@---Cipher--- ..keeping the shareholders happy... what a f%@#ed up mess the gaming industry has turned into.
That would be a terrible work environment. That would be like (I'm just making an example up) telling the makers of Super Mario Galaxy; "Even though you made a terrific game, guess what? You're fired." Can you imagine working somewhere once a game is done, you have to worry about losing your job? At least by not firing someone, you know what you are getting in the future. Hiring new people can be hit or miss.
Tim Shafer is a great guy and Double Fine is one of the devs I'd love to see having great success comercially. They sure deserve it. One of the few devs that still try to be different and inovative.
@msfan1289 If they were contractors or freelancers, they wouldn't be called lay-offs...
@msfan1289 I think more importantly, the industry would benefit in the long run if devs did not hire staff with the mindset of letting them go when the project is finished.Contractors or not - as I imagine both are used.
@msfan1289 Not necessarily because they want to be. Having to find a new job every couple of years and never having benefits is a crappy way to have to live, especially for people supporting a family.
I've never played a game from this developer, but I have say I truly respect him for his principles in the industry
@RighteousPlank If you've never played any of Tim Schafer's games, you've been missing out. His games have a certain feel to them which is difficult to describe. The best way I can describe his games is to say that they have a ton of humor and personality, and they make you smile. Kind of like a friendly and playful puppy, but the games won't leave any messes on your floor... unless you reverse-snort a drink through your nose because you're laughing at some of the jokes in the games.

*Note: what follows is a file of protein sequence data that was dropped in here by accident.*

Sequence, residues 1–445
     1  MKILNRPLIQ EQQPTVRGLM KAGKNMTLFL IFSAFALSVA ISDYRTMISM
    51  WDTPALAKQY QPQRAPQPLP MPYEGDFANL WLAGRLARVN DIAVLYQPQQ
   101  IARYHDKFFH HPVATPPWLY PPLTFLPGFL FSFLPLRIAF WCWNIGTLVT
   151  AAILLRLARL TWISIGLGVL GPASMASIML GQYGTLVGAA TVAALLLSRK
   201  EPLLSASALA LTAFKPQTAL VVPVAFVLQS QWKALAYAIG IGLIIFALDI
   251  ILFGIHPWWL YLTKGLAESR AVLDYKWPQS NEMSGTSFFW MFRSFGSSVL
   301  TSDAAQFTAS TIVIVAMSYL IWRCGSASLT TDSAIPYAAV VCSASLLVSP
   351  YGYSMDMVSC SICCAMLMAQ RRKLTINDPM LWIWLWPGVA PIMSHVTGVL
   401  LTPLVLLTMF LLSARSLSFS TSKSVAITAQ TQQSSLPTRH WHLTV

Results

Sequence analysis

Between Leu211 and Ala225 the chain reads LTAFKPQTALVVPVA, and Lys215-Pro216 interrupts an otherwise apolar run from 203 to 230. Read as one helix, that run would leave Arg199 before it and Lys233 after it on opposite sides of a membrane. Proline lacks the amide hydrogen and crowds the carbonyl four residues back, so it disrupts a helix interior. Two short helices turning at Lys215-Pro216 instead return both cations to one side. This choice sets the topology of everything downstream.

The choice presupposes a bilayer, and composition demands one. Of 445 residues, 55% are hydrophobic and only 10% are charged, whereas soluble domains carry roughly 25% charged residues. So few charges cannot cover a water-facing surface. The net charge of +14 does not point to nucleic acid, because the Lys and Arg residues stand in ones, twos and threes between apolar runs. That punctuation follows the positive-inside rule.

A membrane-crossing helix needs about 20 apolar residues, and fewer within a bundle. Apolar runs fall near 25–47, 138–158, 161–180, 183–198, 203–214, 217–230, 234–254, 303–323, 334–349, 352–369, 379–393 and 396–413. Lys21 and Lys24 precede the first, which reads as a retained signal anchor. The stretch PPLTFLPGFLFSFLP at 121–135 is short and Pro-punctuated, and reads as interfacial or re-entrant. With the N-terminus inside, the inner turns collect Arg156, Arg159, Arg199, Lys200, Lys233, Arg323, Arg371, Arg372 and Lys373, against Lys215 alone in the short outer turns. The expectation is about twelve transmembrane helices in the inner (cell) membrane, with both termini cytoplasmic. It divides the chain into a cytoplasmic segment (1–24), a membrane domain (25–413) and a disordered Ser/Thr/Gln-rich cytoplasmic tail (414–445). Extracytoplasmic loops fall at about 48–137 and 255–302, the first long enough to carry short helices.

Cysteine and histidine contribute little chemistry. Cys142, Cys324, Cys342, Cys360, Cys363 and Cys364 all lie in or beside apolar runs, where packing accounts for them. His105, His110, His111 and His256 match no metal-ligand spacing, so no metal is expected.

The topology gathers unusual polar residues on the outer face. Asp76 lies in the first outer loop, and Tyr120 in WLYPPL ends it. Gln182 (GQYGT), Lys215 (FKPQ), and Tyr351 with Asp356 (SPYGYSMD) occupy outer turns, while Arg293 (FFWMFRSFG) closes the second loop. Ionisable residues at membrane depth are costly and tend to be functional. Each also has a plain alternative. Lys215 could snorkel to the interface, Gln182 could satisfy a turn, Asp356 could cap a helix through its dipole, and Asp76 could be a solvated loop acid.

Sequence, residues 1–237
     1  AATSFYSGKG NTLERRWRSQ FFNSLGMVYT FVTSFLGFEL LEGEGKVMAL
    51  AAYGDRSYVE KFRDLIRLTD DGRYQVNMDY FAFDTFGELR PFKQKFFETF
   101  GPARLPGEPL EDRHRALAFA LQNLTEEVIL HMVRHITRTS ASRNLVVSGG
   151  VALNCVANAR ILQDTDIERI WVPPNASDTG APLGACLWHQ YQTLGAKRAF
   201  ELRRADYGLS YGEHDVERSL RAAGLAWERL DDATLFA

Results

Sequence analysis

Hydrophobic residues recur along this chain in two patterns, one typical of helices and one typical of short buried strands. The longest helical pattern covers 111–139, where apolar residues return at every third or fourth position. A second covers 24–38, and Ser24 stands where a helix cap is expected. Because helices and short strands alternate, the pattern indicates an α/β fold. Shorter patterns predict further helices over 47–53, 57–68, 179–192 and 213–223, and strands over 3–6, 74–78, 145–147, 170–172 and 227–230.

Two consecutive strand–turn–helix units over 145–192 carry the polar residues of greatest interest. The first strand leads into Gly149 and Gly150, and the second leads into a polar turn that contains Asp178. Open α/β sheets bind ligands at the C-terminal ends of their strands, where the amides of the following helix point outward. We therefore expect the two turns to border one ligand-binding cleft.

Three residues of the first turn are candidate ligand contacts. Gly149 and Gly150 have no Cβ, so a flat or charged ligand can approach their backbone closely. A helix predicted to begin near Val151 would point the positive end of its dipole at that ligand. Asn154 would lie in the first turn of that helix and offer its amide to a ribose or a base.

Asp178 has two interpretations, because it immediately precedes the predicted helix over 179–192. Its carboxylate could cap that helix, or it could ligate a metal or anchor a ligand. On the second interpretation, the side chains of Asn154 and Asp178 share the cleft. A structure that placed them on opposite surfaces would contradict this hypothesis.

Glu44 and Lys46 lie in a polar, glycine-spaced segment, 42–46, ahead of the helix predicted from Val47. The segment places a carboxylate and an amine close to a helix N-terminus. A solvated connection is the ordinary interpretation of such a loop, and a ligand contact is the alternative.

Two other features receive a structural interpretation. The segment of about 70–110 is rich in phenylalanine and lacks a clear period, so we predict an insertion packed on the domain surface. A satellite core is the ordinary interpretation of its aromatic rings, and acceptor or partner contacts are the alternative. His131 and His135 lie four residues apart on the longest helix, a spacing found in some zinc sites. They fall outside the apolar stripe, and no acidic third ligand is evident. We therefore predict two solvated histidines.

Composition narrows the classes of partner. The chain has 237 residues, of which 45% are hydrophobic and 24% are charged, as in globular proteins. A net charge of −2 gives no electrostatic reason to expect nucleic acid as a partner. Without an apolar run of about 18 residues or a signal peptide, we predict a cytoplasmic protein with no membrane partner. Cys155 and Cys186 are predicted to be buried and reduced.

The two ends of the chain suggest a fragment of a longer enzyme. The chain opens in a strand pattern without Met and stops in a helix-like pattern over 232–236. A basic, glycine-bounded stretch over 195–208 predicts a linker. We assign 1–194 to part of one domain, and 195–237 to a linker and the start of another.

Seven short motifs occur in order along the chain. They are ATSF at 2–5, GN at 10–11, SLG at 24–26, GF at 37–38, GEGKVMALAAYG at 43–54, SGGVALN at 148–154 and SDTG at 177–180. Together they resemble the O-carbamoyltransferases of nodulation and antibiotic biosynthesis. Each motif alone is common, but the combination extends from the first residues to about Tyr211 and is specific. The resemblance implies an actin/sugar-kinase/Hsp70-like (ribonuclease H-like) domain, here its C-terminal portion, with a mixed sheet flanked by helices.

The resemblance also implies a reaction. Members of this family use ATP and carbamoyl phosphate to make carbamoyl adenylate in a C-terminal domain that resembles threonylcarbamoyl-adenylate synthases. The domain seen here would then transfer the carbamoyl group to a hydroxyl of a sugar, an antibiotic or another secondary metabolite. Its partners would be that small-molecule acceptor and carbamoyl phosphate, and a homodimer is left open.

When I read this article I thought: a group just adds the skill of every member to get a result, but a team multiplies the skill of each and everyone to achieve success. There is an added value when you get to know your team members.
@SciFiCat If the history of these people shows us anything, it's that John Riccitiello is the real arch-villain here (I suppose he's sort of the Emperor to Kotick's Darth Vader).
sounds like another result of the "short" view, very much like that which got us into the recent financial crisis. I mean...controlling the margins is good business, but we must do a better job of valuing human capital. and when developers have worked on a game for years together, they invariably have upped their reserve of human capital...which is valuable.
Tim Schafer is the only guy that seems to get it, god wish there were more like him in the industry.
@Frost259 Its not that he is a genius when it comes to hiring and firing people (he IS genius, don't get me wrong), he just cares about gaming. Not many other people do in the industry. And that is why we are at where were at.
As a programmer, I'd argue it is, in the end, more profitable to keep those employees on your team, even when you are in between projects where they aren't as useful. Hiring whenever production starts and laying them off when it's finished means you constantly have a team that is not accustomed to the habits of one another, the work style, and the workflow.
It's not just charity, it makes sense from a financial standpoint to build a cohesive team rather than hire-and-fire with unblinking consistency.
When the big corps (EA and the like) started to take over what did you think was going to happen? Everything to make more money.
It makes me happy to know that on any given day, on any given website about video games, a story about Tim Schafer may appear with the image above. So damn happy. :)
The videogame industry historically treated it's employee's as desposable, Thus the games became desposable. At least they is some hope.
Interesting comments by Schafer. The gaming industry is at a cross road. Do they use a more traditional business model as Schafer suggestsor continue with the project driven model. The entertainment industry has used this model for years. I look forward to see if the gaming industry will change or come up with a hybrid model.
On a somewhat unrelated note, you guys at Gamespot could NOT find a less creepier photo of The Man? =P
Tim Schafer is awesome. I wanna work for him. In fact, I'd actually make an effort for him... he's that awesome.
I love this man. No seriously, I love this man. He is everything that fans want developers to be in the industry. He is the counterexample to alot of the big wigs who whine about the direction of the industry. They are so busy defending their own practices and not comprehending why gamers are expecting more and better from them, and here is this man, who makes games for the sake of making games and furthering the medium.